My attempt to move from Southern California and create a happy and sustainable urban homestead in North Dakota, with some musings on life with deaf dogs, a gluten free spouse, and the occasional mischievous garden gnome. Thank you for visiting and I hope you enjoy.



Wednesday, June 27, 2012

Hand Built 3-Bin Compost System

Here's the great unveiling, the new Deaf Dogs and Benevolent Gnomes 3-Bin compost system extravaganza.  Yes it is hyperbole to call a compost bin an extravaganza, but this sucker has been quite a while in the making.  Like, a year in the making. 

Why the heck did it take so long? Well I did build it by hand, and I mean literally by hand, using only hand tools - hand saws, hand drills, screwdrivers, hammer.  So that certainly added to the time it took to construct it.  It also just sort of lingered in the garage for months in various states of semi-assembly.  Since my garage isn't climate controlled (not heated or cooled), there were many times in the summer when it was too hot to work on it, and in the winter when it was way too cold. 
3-Bin Composting system with removable front slats, which make working and turning the compost much easier.
So it ended up that the compost bin became a rainy day project, something to do indoors when it was rainy and I couldn't play in the garden.  Thus it took close to a year to build.  And yes, there was a healthy dose of procrastination involved as well.


So why build it by hand using no power tools at all?  That might be a more philosophical and esoteric answer than I have space (and you, gentle reader have the patience) for or words to properly explain.  But suffice to say I like to do things differently than others.  When it takes so much effort to cut a board or drill a hole for a carriage bolt, you tend to not only 1) make damn sure you've measured correctly but also 2) appreciate each step, each board cut, and each hole drilled.  Too many things we do are immediate gratification oriented, taking the time to appreciate and enjoy the process makes me respect the end product that much more.  I also wanted to make sure I enjoyed and was decent at any of these woodworking projects before I spent any money on expensive power tools. 
Even in late afternoon the area stays in the shade, not a useful place for growing - but plenty useful for composting!!
Barely visible, newly planted hostas should help hide the compost bin from view.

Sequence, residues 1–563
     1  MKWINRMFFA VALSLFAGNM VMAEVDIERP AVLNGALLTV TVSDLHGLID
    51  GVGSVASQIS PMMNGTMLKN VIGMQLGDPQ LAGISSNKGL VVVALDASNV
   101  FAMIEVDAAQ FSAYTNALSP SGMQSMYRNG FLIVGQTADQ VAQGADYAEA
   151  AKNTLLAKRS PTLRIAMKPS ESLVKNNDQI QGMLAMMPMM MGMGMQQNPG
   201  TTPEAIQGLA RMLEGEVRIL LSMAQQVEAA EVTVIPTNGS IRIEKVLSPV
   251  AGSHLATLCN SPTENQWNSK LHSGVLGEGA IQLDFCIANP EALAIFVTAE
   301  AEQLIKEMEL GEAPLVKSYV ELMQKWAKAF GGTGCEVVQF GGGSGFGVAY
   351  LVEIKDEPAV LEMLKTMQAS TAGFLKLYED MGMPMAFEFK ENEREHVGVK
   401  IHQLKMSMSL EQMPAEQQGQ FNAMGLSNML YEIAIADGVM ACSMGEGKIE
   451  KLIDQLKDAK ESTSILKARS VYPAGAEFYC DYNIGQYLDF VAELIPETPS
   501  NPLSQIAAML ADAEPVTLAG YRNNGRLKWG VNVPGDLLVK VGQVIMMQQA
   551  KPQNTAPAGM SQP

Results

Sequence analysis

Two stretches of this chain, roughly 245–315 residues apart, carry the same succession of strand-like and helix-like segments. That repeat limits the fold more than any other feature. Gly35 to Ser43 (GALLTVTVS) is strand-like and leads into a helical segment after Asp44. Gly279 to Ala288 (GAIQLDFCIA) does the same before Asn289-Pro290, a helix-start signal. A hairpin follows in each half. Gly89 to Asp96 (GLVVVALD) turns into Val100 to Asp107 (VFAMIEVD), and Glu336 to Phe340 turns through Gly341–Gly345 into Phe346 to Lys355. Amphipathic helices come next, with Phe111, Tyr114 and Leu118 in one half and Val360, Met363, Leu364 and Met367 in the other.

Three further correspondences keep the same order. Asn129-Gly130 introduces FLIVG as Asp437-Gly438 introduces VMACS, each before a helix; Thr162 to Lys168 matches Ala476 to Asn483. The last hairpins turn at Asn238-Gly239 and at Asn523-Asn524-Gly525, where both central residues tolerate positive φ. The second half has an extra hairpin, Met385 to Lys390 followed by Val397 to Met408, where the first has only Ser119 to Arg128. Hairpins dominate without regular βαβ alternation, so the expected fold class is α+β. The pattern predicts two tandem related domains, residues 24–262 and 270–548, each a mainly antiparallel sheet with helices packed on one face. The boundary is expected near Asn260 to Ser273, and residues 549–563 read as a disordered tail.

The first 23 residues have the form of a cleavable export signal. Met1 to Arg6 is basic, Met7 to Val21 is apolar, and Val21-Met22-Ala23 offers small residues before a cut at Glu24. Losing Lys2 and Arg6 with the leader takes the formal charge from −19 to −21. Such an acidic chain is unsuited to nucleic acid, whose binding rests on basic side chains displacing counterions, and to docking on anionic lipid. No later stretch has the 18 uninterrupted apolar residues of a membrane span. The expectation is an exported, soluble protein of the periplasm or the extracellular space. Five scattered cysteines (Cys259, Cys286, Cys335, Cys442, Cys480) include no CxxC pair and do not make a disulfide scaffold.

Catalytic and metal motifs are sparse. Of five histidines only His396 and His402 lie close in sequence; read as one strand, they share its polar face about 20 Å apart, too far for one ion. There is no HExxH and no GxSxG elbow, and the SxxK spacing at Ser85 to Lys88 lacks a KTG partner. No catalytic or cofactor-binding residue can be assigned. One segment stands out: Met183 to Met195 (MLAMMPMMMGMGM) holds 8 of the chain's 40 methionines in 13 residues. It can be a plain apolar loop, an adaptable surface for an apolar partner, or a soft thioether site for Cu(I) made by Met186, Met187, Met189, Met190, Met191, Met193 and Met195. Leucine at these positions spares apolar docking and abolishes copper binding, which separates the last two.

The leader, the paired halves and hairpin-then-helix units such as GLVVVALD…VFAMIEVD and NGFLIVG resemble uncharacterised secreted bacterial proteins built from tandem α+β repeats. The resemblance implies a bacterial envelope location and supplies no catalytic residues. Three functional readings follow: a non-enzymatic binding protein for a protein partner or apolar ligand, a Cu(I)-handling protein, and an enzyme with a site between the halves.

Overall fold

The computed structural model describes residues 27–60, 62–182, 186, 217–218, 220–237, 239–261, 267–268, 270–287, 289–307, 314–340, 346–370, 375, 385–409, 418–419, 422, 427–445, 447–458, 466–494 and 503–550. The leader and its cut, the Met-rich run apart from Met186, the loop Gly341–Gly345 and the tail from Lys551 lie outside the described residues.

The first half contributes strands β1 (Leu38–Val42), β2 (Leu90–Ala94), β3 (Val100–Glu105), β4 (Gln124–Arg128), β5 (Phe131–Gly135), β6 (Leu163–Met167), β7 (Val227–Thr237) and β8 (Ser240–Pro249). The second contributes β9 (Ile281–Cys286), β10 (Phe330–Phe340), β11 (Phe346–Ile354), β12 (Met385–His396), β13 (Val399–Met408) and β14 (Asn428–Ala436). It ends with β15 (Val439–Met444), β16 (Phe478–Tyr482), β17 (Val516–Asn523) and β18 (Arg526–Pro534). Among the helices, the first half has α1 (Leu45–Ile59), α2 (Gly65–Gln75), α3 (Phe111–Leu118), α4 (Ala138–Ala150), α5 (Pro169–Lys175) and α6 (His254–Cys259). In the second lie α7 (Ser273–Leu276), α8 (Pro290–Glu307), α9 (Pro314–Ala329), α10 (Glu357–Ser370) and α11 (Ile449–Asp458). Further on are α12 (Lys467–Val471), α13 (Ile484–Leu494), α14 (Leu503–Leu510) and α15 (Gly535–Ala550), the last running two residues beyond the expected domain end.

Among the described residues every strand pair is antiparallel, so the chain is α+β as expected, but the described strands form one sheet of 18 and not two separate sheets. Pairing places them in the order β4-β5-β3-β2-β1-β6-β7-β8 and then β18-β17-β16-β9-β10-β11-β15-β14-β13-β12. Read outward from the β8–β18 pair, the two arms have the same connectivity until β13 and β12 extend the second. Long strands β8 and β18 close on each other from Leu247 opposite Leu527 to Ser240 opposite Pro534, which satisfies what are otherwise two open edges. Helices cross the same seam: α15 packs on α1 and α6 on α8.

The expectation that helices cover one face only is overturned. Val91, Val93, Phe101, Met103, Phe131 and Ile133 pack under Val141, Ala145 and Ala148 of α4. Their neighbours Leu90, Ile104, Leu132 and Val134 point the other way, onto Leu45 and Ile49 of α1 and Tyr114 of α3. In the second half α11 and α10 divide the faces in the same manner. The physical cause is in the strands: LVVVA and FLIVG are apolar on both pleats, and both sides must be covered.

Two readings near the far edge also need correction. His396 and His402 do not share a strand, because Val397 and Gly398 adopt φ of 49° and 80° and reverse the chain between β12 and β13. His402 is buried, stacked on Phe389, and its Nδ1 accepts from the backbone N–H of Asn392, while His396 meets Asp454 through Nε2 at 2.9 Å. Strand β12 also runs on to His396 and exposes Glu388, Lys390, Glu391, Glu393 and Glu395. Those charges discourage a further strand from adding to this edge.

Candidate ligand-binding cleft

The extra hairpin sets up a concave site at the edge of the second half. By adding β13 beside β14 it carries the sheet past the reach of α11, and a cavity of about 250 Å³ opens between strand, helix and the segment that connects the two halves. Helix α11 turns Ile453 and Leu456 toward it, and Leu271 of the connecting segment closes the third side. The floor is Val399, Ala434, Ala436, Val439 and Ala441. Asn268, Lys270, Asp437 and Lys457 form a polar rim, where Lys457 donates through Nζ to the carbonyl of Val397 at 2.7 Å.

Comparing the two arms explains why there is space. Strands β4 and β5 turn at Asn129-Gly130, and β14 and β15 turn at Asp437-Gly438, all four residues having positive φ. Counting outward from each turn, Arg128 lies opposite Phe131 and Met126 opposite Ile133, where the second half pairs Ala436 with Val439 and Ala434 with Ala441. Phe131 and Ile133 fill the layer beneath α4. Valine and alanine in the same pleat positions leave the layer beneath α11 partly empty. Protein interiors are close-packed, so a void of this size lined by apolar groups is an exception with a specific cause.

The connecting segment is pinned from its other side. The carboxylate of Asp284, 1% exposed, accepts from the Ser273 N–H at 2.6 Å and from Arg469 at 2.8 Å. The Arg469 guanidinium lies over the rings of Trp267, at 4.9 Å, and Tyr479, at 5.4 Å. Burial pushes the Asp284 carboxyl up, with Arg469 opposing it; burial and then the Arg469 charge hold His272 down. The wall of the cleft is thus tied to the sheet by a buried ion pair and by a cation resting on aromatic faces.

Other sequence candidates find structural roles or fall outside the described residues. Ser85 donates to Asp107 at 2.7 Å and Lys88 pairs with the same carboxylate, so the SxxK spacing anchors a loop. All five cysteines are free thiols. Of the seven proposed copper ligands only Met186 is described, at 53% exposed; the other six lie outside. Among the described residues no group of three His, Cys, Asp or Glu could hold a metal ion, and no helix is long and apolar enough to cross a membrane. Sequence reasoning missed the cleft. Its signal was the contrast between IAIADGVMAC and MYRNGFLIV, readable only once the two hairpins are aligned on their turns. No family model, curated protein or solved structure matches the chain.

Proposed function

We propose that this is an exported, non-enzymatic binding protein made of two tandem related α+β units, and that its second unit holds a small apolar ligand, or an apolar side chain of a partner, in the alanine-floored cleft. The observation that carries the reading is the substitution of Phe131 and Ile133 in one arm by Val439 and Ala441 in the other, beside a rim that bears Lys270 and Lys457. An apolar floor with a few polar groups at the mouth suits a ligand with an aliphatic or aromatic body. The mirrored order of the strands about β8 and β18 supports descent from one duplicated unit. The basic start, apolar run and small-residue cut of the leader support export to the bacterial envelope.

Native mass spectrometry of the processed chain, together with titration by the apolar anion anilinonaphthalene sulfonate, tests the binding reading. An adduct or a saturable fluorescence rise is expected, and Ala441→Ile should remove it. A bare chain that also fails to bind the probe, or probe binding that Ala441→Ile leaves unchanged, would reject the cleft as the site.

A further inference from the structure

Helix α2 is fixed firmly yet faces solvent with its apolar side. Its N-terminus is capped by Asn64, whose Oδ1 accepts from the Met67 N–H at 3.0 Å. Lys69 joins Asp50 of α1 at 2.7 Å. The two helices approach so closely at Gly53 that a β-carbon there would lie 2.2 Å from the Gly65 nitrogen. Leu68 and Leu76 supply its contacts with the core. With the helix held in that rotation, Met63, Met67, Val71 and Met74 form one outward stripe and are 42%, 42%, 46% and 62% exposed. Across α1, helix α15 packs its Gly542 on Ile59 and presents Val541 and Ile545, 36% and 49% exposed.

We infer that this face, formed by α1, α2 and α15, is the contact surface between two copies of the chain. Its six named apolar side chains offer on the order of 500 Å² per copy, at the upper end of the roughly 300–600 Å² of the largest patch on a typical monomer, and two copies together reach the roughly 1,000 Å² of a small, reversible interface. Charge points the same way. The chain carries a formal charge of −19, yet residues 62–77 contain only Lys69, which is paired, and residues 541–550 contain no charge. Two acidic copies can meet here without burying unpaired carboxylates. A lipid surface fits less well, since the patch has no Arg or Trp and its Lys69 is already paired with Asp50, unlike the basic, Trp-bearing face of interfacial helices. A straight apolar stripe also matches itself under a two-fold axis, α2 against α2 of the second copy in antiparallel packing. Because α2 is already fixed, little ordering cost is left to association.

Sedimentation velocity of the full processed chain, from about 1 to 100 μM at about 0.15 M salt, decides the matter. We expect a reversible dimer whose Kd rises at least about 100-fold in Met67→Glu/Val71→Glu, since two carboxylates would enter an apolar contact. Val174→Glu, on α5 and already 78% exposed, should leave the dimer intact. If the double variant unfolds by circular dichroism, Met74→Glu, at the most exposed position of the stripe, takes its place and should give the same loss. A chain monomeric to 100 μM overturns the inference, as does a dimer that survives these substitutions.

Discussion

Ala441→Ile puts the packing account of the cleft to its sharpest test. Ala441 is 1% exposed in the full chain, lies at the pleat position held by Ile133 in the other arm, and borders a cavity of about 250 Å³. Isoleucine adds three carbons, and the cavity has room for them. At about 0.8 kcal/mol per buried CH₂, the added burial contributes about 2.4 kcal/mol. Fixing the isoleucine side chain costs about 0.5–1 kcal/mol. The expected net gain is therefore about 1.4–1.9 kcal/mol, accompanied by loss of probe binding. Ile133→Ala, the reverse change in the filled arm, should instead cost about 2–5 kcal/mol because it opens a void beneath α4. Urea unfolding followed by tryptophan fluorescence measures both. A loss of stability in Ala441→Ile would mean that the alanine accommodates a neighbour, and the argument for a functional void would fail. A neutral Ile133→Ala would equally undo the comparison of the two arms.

I took this picture a while ago, after we had just planted some hostas and "wild" geraniums.  These have grown up and help to hide the compost bin from view.  I'll post another picture in a few weeks to show how the plants have grown and help to shield the bin from gawkers and paparazzi on the street. 
Hopefully this compost bin can hold up for several years and enable us to never have to throw away another piece of green compostable material (unless it's a weed or diseased plant, they'll still go in the trash).  It should also provide a ton of organic compost to enrich our soil in the garden. 

In case you want to build one yourself, I got the schematics and directions here.

4 comments:

Amy - Get Busy Gardening said...

Wow, how funny. You built the exact same compost bin as we did! Home Depot cut all the wood for us, so we were able to get it done in one weekend. Good for you for doing this all by hand. Wow, that is a lot of work! Here's the post I wrote last year about our compost bin building project... Weekend Project: Large Compost Bin I love it!

Amy

El Gaucho said...

Thanks. It does hold a whole lot of compost, which is great. I spent a few years after we moved in being sad at every compostable item that had to get thrown in the rubbish bin.

Your bin also looks great. I like the lids especially. Even though I opted to not make a lid to keep the cost down and to enable me to heap more yard waste on top. I also have another covered bin for kitchen scraps that is secure enough to keep all the varmints out. It's nice to hear that there are others in the area who lover their composting!

Rosemary said...

Congratulations on getting the job done. It looks efficient and neat, best part is you did it yourself. Let the composting begin!

Donna said...

Nice job on your bins. Makes composting a breeze. My compost container now has what I think is a pumpkin growing in it. I never grew pumpkins and this plant has 18 inch wide leaves. Must be good compost because the plant grows like crazy. Bad thing, I cannot get to my compost now. I even started watering the plant.